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Positively Beautiful: Want to be a doctor’s ‘dream patient?’

Dr. Susan Mathison

Every year, The Physicians Foundation collects data from thousands of people to identify the needs of patients, as well as the physicians who serve them.

Last year, the survey revealed that:

  • 84 percent of physicians feel that the medical profession is in decline.
  • 60 percent say they would retire if they had the means to do so.
  • 50 percent would not recommend medicine as a career. 

Other surveys suggest that up to 90 percent no longer recommend a life in medicine.

As a physician, I find these statistics depressing. At the same time, I understand why some physicians feel the way they do.

TV shows like Scrubs, Grey’s Anatomy and Private Practice make it seem like practicing medicine is a nonstop, sexy, exhilarating adventure filled always grateful patients, miraculous 11th-hour recoveries, and of course, romantic interludes in the supply closet.

In reality, being a physician is a very different story with a lot less romance and a lot more insurance forms. Every year, it’s more of an alphabet soup of complexity: ACA, HIPAA, CMS.

As a patient, it’s not your “responsibility” to make your physician feel better. More physicians need to “be the change they wish to see in the world.”

That being said, you can make a difference. If you want to help your physician smile and feel good about her (or his) career and maybe even empower them to be part of the change, there are some very simple things that you can do.

After all, when your doctor is happy, the benefits flow right back to you.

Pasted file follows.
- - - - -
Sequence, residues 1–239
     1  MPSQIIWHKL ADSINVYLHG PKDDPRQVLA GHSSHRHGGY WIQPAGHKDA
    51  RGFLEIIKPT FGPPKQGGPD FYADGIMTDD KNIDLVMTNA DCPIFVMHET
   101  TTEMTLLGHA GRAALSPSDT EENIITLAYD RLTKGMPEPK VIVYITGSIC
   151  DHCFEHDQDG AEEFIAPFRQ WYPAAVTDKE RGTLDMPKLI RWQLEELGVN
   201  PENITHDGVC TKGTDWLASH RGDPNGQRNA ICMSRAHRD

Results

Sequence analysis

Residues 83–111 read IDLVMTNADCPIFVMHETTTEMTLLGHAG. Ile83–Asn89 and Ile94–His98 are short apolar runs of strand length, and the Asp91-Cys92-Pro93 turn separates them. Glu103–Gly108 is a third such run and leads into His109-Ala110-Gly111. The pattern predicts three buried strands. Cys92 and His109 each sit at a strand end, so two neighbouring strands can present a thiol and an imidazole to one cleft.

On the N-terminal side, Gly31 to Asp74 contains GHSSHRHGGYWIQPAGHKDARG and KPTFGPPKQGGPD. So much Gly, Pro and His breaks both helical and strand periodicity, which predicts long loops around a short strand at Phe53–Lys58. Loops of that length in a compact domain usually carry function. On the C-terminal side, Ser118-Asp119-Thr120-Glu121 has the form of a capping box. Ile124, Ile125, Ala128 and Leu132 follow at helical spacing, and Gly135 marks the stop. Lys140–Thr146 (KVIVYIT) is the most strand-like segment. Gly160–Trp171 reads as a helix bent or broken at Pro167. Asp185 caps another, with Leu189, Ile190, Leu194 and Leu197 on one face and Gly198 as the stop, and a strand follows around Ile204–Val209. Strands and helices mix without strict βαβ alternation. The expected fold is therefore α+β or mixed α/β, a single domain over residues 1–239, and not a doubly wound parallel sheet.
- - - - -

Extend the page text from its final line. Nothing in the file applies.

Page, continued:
Here’s my take on how to become every doctor’s “dream patient.”

1. Say “thank you.”

That physician who just walked into your examination room? She might be saddled with a quarter-million dollars in student loan debt. She might have said “no” to a date last night because she needed to complete a stack of paperwork. She may have postponed having a child in order to focus on setting up her medical practice, and now it’s too late.

You never know what kinds of sacrifices your physician had to make in order to be here for you.

Expressing your appreciation doesn’t take much time or effort. Just say, “thank you.”

“Thank you for helping me today.” “Thank you for the great advice.” “Thank you for making me feel better.” “Thank you for all that you do.”

2. Come prepared.

Show up for your doctor’s appointment as if it’s a job interview – for your health. Get all of your ducks in a row before you walk in the door.

If you are visiting a new doctor, bring your health history and medication list, including any vitamins or supplements that you take.

Bring your three biggest questions, and be prepared to answer questions, too.

If you’re coming in to talk about a “mysterious” condition, make a list of any recent changes to your life (moving to a new house, starting a new job, switching to a new cosmetic line – anything that might be a cause.)

Set an intention for each visit. Know what you want, so that you and your physician can get right down to it.

3. Be patient. (No pun intended!)

The average wait time to see a doctor is 23 minutes.

Instead of getting annoyed, plan those 23 minutes into your schedule, and use them. Maybe you could answer a few emails, giggle while flipping through a funny book or go over the questions that you want to ask your physician, one more time.

Some delays are due to system inefficiencies with paperwork, electronic medical records, scheduling and habits. These are inexcusable, and we need to work hard on improving.

But just as often when your doctor is running behind, it just means that an earlier patient needed some extra attention. If that patient was your child, your partner, or your parent, you’d want them to receive the best possible care. We are all human, and sometimes our needs don’t fit into a 15-minute time slot.

At the end of the day, it really doesn’t take much to become every doctor’s “dream patient.”

So, go ahead – make your doctor’s day!